“You could take the map of the Midwest and all the pro-life states around Illinois and if these two get elected – they’re both pro-life – we might not have anything in the entire Midwest that respects a woman’s right to choose ‘ said Power.

Meghan Leonard, an associate professor of politics and administration at Illinois State University and an expert on her state’s Supreme Court, said, “Anyone who wants to change the law faces the toughest battle in all states.”

But it can be done if someone files a lawsuit and the state Supreme Court decides to hear the case, Leonard said.

“I don’t think anything will happen anytime soon, and it would depend on the makeup of the court at the time,” Leonard said.

Two districts could wave the court

The second district now consists of five counties north and west of Chicago, and the third consists of seven counties west and south of Chicago.

These Districts Were Trending Republican Until They Were recently redrawn for the first time since 1964 and shrunk to exclude more rural parts of the state, said Kent Redfield, a political science professor emeritus at the University of Illinois Springfield.

These are now “swing districts that lean democratically,” Redfield said.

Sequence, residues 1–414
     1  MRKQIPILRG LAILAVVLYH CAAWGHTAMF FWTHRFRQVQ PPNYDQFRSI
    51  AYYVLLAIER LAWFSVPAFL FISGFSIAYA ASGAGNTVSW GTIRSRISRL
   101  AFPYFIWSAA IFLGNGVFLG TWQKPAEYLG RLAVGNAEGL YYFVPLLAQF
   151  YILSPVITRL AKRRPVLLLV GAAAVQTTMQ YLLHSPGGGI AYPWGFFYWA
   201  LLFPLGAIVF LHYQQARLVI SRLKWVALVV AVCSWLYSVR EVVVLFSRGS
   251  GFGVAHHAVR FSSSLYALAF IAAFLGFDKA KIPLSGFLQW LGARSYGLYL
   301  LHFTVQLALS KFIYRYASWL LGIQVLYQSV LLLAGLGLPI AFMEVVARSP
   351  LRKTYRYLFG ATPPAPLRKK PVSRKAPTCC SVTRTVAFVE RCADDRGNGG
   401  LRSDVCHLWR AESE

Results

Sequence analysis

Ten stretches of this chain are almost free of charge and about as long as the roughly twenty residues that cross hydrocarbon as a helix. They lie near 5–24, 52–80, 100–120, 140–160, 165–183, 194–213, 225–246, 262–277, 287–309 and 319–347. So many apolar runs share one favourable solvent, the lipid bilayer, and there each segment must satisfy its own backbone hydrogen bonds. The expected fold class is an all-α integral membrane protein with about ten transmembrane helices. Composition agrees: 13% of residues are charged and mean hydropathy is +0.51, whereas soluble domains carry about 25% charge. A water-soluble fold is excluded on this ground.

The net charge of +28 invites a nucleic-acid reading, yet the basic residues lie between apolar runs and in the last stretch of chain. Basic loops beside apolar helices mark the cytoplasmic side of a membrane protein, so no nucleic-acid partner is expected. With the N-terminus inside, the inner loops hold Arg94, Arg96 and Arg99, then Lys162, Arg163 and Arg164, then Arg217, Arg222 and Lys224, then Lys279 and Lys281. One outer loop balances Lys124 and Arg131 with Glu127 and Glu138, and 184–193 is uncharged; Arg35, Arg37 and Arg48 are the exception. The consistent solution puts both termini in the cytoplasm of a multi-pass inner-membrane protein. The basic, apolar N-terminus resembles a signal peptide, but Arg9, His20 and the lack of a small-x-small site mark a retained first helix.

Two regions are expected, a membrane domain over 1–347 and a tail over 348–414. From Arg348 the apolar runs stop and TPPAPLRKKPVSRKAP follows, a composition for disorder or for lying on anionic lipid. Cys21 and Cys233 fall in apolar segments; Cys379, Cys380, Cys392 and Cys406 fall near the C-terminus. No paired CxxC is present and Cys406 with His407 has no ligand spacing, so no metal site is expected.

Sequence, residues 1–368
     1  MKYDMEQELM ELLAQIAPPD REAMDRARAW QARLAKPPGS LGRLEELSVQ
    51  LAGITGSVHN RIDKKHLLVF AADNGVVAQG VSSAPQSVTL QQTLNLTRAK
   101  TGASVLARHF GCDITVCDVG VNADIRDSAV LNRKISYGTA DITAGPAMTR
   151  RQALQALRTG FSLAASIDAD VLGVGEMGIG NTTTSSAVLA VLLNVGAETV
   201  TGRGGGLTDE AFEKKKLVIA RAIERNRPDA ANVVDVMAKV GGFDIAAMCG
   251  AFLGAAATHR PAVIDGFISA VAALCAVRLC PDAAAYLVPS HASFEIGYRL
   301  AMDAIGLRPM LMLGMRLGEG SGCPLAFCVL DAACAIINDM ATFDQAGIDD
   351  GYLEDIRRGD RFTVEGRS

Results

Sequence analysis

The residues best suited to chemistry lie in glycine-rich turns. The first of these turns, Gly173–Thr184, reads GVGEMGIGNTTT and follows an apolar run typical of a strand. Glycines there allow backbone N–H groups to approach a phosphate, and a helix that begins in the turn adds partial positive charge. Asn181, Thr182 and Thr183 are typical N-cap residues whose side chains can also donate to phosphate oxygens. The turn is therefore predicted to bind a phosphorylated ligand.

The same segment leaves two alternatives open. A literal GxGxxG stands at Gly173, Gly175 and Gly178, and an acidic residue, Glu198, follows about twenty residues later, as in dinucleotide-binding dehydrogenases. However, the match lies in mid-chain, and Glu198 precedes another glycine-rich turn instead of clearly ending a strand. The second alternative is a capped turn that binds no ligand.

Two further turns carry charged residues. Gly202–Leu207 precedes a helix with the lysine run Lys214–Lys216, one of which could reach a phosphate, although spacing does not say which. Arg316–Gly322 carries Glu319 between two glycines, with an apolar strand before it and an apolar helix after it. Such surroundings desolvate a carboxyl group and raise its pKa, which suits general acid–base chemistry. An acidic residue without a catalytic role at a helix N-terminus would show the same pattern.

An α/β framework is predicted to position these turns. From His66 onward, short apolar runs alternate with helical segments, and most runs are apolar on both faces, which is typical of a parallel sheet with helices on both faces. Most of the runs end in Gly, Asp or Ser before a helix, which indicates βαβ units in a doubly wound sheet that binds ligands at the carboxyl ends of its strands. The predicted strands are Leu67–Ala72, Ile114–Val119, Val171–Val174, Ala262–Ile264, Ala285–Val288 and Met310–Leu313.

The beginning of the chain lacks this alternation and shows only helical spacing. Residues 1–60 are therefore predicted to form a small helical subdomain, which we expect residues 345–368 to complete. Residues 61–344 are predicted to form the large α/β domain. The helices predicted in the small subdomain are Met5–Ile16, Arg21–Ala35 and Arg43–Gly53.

Burke was named a second-district judge last year to retire Judge Robert Thomas, who used to be a kicker for the Chicago Bears

A respected lawyerBurke is now running in the third district because the new map has moved DuPage County, where he lives, out of the second district. He will face Democrat Judge Mary O’Brien in November.

When asked about HB 40, Burke told NBC News via email that he chooses not to “answer questions that could be interpreted as establishing a particular position on issues that may come to court.”

“It falls within the county of the Illinois General Assembly to pass the laws governing this state,” he added. “Whatever personal views I have on issues, don’t give me the power to legislate from the bench.”

Burke’s departure left his second district seat open, and Curran looks set to hold onto a small lead in the polls in a crowded GOP field.

Curran, whose apparent victory is expected to close on Tuesday, will take on the Democratic nominee, State Circuit Court Judge Elizabeth Rocheford

Asked about his position on HB 40, Curran replied in an email: “We can’t say how we would decide on anything, especially not pending legislation that may go to court.”